The Duchy or Ducatus is the denomination for territories occasionally governed separately by members (dukes) of the Árpád dynasty within the Kingdom of Hungary in the 11th-12th centuries. The symbol of the ducal power was a sword, while the royal power was represented by the crown. Modern historians do not share a consensual view on the origins of the Duchy or territorial units administered by members of the royal family within the medieval Kingdom of Hungary. György Györffy writes that the Ducatus or "Duchy" developed from the command over the Kabars and other ethnic groups which joined the federation of the Hungarian tribes.

According to his opinion, this command was initially, even before the Hungarian conquest of the Carpathian Basin around 895, bestowed upon the heir to the supreme head of the Hungarian tribal federation, in accordance with the customs of the Turkic peoples of the Eurasian steppes. Therefore, Györffy continues, the crown prince's command over these ethnic groups transformed, in the course of the 10th century, into his authority over the territories where they settled. On the other hand, Gyula Kristó, who rejected Györffy's theory, writes that the Duchy only came into being when King Andrew I granted one-third of his kingdom to his younger brother, Béla around 1048. He cites the Illuminated Chronicle which clearly states that this was the "first division of the kingdom".

The practise of dynastical divisions of the kingdom's territories commenced in 1048 when King Andrew I of Hungary conceded one-third of the counties of his kingdom in appanage to his brother, Béla. The territories entrusted to the members of the ruling dynasty were organized around two or three centers and the duchy made up one-third of the kingdom's territory. Béla's autonomous duchy (ducatus) extended from the Morava river to the border of Transylvania. It was composed of two parts: Nitra and neighboring Bihar, extending from the upper Tisa in the north to the Körös river in the south, from the Transylvanian borders in the east to the Tisa river in the west. Béla was a sovereign lord of his demesne. This is testified by ducal half-denarii - they had the words BELA DVX engraved on them - as well as by the previously mentioned Hungarian Chronicle. Béla probably had the coins struck at his ducal seat in Nitra and new fortifications were added to the Nitra castle. At that time, Duke Béla was the heir presumptive, but later King Andrew I fathered a son, Solomon. The birth of Solomon gave rise to conflicts between the two brothers that resulted in a civil war. The civil war stopped in 1060 when Béla defeated his brother and ascended the throne.[52]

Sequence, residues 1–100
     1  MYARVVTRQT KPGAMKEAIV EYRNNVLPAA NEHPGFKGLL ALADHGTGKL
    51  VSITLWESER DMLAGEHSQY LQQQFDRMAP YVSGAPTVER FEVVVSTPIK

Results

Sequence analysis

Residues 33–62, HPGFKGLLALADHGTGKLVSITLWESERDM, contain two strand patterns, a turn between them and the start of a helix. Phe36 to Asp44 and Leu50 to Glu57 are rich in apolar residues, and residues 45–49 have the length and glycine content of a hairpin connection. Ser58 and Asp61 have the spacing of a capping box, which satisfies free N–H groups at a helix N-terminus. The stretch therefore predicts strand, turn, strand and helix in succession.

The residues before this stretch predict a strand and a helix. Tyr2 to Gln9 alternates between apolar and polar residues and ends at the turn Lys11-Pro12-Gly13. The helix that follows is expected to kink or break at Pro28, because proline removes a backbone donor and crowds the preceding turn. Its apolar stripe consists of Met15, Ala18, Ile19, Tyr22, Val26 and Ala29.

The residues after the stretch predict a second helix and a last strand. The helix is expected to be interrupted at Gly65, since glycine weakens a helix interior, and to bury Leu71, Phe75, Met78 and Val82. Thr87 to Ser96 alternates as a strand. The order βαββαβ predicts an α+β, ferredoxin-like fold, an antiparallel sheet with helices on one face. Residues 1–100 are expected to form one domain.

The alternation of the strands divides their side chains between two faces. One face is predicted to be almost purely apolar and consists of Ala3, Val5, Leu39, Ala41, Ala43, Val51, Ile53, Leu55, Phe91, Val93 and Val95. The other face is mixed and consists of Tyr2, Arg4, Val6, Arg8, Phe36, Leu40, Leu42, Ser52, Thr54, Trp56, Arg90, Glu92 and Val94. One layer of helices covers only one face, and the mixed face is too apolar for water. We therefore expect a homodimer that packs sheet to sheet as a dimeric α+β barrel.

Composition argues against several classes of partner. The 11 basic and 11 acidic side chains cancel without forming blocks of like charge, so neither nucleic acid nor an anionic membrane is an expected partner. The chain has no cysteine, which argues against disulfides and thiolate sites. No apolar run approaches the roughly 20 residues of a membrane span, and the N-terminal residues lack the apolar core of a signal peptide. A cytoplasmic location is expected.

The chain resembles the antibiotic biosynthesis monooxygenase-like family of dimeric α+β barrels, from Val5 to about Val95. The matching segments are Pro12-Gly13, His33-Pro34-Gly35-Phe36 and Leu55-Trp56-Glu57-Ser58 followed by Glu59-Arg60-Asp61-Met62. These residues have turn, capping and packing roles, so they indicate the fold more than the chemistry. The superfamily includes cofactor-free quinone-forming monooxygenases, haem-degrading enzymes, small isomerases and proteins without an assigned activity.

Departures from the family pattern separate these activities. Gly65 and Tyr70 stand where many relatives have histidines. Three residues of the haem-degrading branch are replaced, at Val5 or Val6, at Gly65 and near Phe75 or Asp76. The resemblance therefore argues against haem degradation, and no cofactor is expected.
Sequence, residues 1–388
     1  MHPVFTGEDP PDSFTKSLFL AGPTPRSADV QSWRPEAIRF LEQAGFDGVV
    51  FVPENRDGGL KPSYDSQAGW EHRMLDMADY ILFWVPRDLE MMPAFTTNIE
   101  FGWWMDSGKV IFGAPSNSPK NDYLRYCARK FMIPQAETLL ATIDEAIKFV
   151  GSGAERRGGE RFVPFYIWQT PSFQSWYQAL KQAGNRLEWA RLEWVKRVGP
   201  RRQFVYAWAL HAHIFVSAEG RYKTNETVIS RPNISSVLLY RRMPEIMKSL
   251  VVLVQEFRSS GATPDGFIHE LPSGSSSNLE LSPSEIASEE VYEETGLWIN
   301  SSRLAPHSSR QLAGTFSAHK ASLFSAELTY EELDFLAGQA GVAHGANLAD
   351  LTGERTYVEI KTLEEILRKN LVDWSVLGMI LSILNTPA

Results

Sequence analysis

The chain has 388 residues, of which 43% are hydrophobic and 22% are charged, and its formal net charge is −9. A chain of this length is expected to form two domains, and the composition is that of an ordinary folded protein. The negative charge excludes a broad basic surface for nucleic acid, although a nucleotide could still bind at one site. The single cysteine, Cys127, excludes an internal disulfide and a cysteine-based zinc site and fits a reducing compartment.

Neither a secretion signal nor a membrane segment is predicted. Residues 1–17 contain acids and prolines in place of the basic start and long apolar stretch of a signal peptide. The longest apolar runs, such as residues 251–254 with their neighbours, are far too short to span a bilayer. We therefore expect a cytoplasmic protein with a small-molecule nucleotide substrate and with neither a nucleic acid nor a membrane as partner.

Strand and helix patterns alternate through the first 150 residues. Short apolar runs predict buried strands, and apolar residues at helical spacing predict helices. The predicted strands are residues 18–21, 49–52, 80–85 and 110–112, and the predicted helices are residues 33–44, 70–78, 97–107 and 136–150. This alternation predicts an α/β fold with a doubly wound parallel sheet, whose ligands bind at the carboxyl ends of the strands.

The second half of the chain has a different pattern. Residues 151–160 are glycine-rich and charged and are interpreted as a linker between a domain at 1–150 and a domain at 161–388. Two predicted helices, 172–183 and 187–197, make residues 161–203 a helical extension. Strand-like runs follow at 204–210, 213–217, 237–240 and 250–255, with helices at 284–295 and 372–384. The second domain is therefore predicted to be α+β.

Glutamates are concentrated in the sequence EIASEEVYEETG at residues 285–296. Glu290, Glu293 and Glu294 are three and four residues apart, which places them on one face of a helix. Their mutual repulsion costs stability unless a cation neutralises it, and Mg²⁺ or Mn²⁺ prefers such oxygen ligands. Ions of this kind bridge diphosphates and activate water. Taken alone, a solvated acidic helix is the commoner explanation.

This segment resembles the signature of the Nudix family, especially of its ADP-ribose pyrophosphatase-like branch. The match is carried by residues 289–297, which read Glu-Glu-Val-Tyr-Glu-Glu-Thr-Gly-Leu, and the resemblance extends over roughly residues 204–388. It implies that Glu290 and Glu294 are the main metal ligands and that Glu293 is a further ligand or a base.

When Béla died in 1063, his sons Géza, Ladislaus and Lampert had to flee from the Kingdom of Hungary, because their cousin, Solomon (who had already been crowned in 1057) returned followed by the troops his brother-in-law, Henry IV, Holy Roman Emperor provided him. Shortly afterwards, King Bolesław II of Poland provided military assistance to the three dukes thus they could return to the kingdom. However, the parties wanted to avoid the emerging civil war and therefore they made an agreement on 20 January 1064 in Győr. Under the agreement, the three brothers: Géza, Ladislaus and Lampert accepted the rule of their cousin, King Solomon who conceded them their father's former duchy (the Ducatus).[53]

Following a nine-year-long period of cooperation, conflicts arose among the king and the dukes, and the latter could expand their power over the larger part of the kingdom and the king had to flee to the western borders. In 1074, the eldest duke, Géza was proclaimed king, while King Solomon could maintain his rule only in some western counties of the kingdom. Following his ascension to the throne, King Géza confirmed his brothers, Ladislaus and Lampert in the possession of the Duchy. When Géza died on 25 April 1077, his partisans proclaimed Ladislaus king who could enforce King Solomon to accept his rule in 1081. During Ladislaus' reign, the Duchy may have governed by his brother, Duke Lampert, but it has not been proven yet.[54]

The Ducatus was revived in 1095–1096, when King Coloman of Hungary made an agreement with his brother, Prince Álmos, who had been debating Coloman's right to the throne following the death of King Ladislaus I, and conceded the territories in appanage to him. In 1105, Duke Álmos rebelled against his brother and sought military assistance from the Holy Roman Empire and Poland, but his troops were defeated by the king shortly afterwards. In 1107, Duke Álmos made a pilgrimage to the Holy Land, and taking advantage of his absence, King Coloman occupied the territories of the Duchy.